Another important consideration in designing a microarray experiment involves the reference (control) group to which gene expression in the population of interest will be compared. For example, if one is interested in studying gene expression patterns in sepsis, relative to a normal state, then comparisons to normal controls is appropriate. In contrast, if one is interested in discovering gene expression patterns that distinguish sepsis from 'sterile inflammation', then a more appropriate control group would consist of patients who are not infected, but meet criteria for systemic inflammatory response (SIRS).
The heterogeneity and complexity that characterize clinical sepsis present an important challenge to clinical microarray studies. From one perspective, one could say that the comprehensive nature of a microarray approach is ideally suited for studying such a heterogeneous and complex syndrome. From another perspective, the heterogeneity and complexity are potentially profound confounders for data interpretation. Accordingly, it is critical that microarray data be interpreted in the context of robust clinical/biological data that can influence gene expression patterns. These include, but are not limited to, race, gender, age, co-morbidities, infecting pathogen class, state of immune competence, and therapy.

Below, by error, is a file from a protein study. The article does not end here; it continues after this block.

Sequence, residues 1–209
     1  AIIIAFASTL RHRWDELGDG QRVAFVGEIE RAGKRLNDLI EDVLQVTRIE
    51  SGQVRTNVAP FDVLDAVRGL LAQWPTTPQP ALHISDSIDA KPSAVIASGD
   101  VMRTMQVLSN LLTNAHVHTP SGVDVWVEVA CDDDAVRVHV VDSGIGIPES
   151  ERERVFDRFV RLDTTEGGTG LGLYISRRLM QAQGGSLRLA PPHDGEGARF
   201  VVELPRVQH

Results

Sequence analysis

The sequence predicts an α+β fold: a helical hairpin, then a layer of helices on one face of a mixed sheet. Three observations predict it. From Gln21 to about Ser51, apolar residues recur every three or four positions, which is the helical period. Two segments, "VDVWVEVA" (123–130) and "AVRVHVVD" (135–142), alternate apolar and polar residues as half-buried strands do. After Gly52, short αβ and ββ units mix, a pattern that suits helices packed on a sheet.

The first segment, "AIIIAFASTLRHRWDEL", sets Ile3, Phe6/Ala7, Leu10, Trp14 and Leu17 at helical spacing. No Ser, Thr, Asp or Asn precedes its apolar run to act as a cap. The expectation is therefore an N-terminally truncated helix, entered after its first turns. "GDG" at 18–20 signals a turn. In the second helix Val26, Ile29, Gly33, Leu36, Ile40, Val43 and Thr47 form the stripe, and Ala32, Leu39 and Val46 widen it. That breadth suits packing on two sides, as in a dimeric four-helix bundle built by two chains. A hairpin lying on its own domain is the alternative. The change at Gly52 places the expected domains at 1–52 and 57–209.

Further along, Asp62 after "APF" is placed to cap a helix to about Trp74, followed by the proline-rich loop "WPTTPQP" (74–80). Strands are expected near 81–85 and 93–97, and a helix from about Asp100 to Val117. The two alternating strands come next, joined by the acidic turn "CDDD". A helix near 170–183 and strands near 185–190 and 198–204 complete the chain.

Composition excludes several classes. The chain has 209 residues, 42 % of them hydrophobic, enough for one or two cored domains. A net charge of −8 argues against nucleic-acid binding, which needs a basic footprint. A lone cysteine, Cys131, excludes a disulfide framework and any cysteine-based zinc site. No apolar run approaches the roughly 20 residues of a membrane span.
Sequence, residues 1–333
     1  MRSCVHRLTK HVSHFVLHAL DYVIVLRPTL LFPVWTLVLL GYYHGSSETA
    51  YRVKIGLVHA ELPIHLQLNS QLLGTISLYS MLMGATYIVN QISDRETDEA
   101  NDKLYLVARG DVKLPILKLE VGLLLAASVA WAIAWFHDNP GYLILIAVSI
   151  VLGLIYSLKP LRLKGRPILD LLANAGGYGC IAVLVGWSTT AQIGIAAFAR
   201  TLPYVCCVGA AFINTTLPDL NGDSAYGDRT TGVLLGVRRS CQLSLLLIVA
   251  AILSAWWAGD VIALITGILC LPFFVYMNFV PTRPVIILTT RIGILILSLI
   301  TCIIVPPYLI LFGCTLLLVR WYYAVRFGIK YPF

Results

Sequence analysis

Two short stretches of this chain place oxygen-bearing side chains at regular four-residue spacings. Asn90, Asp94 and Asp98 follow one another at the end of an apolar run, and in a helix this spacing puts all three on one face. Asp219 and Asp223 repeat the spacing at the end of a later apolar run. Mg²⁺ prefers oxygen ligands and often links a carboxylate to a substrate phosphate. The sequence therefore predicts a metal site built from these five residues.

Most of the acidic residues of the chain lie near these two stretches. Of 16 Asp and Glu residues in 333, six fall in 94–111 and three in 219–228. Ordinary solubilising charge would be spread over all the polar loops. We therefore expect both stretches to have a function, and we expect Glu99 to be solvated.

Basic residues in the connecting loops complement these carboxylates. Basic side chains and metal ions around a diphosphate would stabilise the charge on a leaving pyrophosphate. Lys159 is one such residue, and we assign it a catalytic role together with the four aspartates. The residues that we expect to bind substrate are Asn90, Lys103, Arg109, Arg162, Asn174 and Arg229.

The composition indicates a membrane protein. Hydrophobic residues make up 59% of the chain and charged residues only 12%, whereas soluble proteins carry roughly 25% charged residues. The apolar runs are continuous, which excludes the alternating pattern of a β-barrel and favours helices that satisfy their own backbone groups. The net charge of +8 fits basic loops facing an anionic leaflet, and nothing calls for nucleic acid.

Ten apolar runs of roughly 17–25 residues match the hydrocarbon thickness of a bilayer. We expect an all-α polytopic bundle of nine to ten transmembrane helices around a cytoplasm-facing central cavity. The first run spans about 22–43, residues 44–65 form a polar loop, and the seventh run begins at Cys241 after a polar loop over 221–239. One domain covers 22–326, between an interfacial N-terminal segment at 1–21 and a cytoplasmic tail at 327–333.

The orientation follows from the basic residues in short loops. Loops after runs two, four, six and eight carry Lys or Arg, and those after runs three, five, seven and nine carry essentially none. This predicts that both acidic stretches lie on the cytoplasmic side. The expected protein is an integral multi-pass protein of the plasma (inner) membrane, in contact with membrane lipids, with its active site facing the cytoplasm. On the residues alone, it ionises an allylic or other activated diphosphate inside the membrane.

Analysis of microarray data is an evolving and complex field. A universal initial step involves data normalization, which allows valid comparisons across samples by reducing technical variations not directly related to biological variation [5
]. A typical next step involves statistical comparisons across groups of interest using either parametric or non-parametric analysis of variance. Unfortunately, there is no clear consensus as to which statistical test is most appropriate for a given data set, and it is particularly troubling that lists of 'differentially regulated genes', from the same data set, can substantially vary based on the statistical test [8
]. Regardless of what statistical test one uses, it is imperative that the statistical test incorporates corrections for multiple comparisons to account for a substantially high risk of false positives. One common filter that is applied to microarray data involves an expression filter that compares mRNA abundance of specific gene probes in one cohort versus a reference cohort. Expression filters are useful to assess 'magnitude of effect' and to reduce the number of comparisons for a subsequent statistical test, but they are not valid substitutes for formal statistical testing. Finally, there is the issue of statistical power in microarray experiments, which can be calculated, but is dependent on assumptions that can be difficult to derive objectively [10